Charles Wilder, of Peterborough, New Hampshire. A super clean tiger maple cased stick barometer. The Bat model. 220034

This stick barometer is American made. In fact, it was made in the small New Hampshire village of Peterborough circa 1865 by Charles Wilder.

Barometers were once common in households across the world. This simple yet very useful device predicts the approaching weather by measuring changes in air pressure also called barometric pressure. While technological advancements have replaced the humble barometer in meteorological circles, they’re still fun to have at home. They are a conversation piece and a teaching tool. Used daily, they can allow you to feel more connected to the natural forces at work outside.

Very few barometers were made in this country. The vast majority of the examples that come to the marketplace are of European manufacture. These instruments were typical where made in two forms prior to the 1900’s. The “stick” version is long and often narrow. The case was a form of protection for the long glass tube. The second version is called a wheel barometer. This version differs in that the level is read on a wheel display. These are often 12 inches wide or more. This is a wonderful opportunity to buy an all American made product.

It appears that Joshua Wilder made three case versions of the stick barometer form. This example, “the bat,” is the most unusual in that the case that protects the tube is shaped on a lathe. As a result, it is a rounded form. The wood selected for this example is maple and it exhibits a fair amount of tiger striping. If you were to divide this case up into parts, you would start at the bottom or base. The base section holds the cast iron cistern. A cistern is designed to hold the reservoir of mercury. This cast iron cistern is the part that Woodruff designed and patented. His design allowed one to turn a screw which in turn held the level of mercury stabil during transportation. The shut off screw is located on the right. The middle of the case is shaped and slightly tapers towards the top. A turned wooden acorn shaped finial surmounts the top of case. The glass barometer tube is enclosed in the length of the case. Behind the curved piece of glass located in the upper section is the instrument display. The engraved plates are brass and have been treated with a silver wash. The faceplate on the right is engraved with incremental scales from 27 to 31. It is this scale that the level of mercury in the main tube is read against. The changes in the level of mercury will forecast the weather. This is the purpose of this device. The top of the faceplate is die-stamped with the patent information. It reads, “WOODRUFF’S / PAT. / JUNE 5, 1860.” At the bottom is the Maker’s information. It reads, “C. WILDER / PETERBORO, / N.H. “ A vernier is also located on the right. Its scale is adjustable and is operated by a wire that extends through the top of case. A small acorn is fitted to this wire and is used to help adjust this sliding scale either up or down. A thermometer is located on the left of the main tube and is mounted on its own scale. The faceplate here is die-stamped with the following benchmarks, “BLOODHEAT, / SUMRHEAT, / TEMPERATE / AND FREEZING.” These are all important markers on the thermometer scale. Their numerical values are also included here.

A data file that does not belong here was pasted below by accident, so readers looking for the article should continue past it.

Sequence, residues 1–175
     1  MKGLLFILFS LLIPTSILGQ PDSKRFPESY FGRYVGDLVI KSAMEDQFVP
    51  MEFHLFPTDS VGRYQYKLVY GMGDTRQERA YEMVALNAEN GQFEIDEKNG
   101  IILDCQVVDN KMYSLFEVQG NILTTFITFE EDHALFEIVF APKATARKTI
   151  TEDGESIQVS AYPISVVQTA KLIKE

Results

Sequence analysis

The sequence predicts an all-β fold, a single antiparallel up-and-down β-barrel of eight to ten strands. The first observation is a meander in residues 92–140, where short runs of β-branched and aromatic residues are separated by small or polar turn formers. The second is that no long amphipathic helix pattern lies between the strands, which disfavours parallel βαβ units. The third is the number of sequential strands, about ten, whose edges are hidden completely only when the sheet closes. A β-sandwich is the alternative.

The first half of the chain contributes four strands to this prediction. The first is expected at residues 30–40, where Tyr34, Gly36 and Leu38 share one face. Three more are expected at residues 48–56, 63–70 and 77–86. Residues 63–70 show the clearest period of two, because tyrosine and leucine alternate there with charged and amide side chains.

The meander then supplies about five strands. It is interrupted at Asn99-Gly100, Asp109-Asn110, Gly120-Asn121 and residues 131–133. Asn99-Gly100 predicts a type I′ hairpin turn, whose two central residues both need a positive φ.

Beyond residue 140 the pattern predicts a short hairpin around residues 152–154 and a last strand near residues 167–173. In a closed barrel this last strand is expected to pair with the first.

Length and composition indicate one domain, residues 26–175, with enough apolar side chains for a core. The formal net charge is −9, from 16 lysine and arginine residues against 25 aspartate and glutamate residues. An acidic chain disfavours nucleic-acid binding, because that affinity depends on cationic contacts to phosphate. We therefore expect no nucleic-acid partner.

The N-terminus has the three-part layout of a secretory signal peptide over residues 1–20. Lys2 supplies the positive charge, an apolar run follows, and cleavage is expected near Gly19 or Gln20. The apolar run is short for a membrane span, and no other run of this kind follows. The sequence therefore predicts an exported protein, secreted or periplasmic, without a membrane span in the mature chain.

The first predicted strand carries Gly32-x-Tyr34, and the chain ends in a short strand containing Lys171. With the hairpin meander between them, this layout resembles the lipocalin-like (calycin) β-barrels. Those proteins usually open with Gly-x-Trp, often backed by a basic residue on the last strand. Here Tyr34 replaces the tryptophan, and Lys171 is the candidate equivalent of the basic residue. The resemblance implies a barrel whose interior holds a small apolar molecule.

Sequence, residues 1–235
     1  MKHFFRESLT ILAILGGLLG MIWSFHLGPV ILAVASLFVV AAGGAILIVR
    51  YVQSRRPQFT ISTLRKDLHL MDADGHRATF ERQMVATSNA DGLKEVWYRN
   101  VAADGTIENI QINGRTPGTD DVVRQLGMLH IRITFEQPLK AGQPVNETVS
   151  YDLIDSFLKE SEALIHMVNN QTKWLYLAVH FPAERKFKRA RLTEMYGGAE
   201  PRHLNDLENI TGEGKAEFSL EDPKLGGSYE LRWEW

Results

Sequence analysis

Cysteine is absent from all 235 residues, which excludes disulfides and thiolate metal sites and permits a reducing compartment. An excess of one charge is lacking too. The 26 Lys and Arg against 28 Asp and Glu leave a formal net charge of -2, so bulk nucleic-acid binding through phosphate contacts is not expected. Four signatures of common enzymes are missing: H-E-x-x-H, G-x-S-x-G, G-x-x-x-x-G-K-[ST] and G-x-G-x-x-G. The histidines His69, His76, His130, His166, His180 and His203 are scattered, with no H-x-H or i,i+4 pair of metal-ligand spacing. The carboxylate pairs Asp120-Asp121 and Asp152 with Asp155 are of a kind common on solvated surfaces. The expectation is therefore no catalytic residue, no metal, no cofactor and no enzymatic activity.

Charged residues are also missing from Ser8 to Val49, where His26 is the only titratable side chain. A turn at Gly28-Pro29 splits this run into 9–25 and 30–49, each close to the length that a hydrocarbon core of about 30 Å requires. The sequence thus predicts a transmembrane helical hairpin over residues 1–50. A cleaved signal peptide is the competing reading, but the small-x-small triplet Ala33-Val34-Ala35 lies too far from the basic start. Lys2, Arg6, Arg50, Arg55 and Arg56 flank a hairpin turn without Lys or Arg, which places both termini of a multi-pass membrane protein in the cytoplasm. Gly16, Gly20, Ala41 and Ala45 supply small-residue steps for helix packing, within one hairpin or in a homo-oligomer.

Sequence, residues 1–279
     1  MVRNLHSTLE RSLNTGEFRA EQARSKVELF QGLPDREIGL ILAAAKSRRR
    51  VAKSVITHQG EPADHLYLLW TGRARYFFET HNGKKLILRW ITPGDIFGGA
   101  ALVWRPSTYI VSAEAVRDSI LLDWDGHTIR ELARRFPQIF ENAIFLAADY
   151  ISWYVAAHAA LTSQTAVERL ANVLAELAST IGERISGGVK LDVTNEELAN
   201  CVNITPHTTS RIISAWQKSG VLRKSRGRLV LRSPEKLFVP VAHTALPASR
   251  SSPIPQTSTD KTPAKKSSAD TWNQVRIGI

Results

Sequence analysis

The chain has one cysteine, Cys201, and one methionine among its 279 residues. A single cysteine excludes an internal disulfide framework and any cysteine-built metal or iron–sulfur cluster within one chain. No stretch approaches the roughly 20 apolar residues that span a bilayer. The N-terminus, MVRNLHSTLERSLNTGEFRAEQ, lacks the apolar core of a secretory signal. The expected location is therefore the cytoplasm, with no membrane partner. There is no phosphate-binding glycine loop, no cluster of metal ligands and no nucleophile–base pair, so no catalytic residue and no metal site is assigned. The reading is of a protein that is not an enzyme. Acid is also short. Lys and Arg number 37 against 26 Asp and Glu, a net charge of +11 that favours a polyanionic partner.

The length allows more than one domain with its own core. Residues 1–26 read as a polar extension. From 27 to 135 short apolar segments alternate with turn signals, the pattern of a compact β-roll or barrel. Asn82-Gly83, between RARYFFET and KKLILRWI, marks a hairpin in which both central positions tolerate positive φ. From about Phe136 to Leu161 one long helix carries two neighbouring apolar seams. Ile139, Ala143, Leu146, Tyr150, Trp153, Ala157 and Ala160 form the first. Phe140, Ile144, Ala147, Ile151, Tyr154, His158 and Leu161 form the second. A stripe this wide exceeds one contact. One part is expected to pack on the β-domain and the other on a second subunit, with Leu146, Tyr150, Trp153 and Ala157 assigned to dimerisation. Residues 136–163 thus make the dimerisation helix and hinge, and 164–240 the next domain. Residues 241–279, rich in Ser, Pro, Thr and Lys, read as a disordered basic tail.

This instrument is fully operational and was originally made circa 1865. Overall, this barometer measures 37.25 inches long.


About Charles Wilder of Peterborough, New Hampshire. An American barometer maker.

Charles Wilder was born the son of Mark and Eliza Ann ( Thayer ) Wilder. He attended the common schools and the Academy in Peterborough, New Hampshire. He became a popular teacher at the Academy and later the Principal. He had planned to continue his education and become a lawyer but his Fathers debts forced him into the family business of shoe pegs. He pursued this business for two years when in 1860 he secured the rights to manufacture portable mercury barometers under the patent issued to a Mr. Lum Woodruff of Ann Arbor, Michigan. Lum Woodruff reported weather observations to the Smithsonian Institution. He patented a portable barometer that proved to be extremely popular. Its key feature was a divided cistern. It was constructed so that when the glass tube was full of mercury, the lower portion of the cistern would be as well. As a result, it could be shut off from the now empty upper portion. In the fall of 1861, Charles Wilder converted an old factory in Peterborough into a barometer shop. He began touting the virtues of Woodruff’s instrument. He claimed that it was “simple, durable, accurate, perfectly portable, and very cheap,” and also “a very beautiful and ornamental piece of furniture.” It promised farmers a five percent savings on all their crops. For scientific men it offered “superior accuracy.” And for “gentlemen of leisure and cultivation” it offered a “never ending and constantly varying study of interest.” All three of Wilder’s standard barometer designs had a natural position and use for a thermometer. His scale in Fahrenheit ranged from 0 to 110 degrees. Wilder Barometers were sold throughout the United States by advertising through the leading agricultural periodicals of the day. As a successful businessman and prominent citizen he was an active member and supporter of his Church. He served as a representative to the state legislature in 1869 and 1870 and was also a town moderator in 1869. He died in 1900. The business continued for a short time until it was sold to the W. & L. E. Gurley Instrument Company of Troy, New York. (Most of this info was provided from the Peterborough, New Hampshire Historical Society.)


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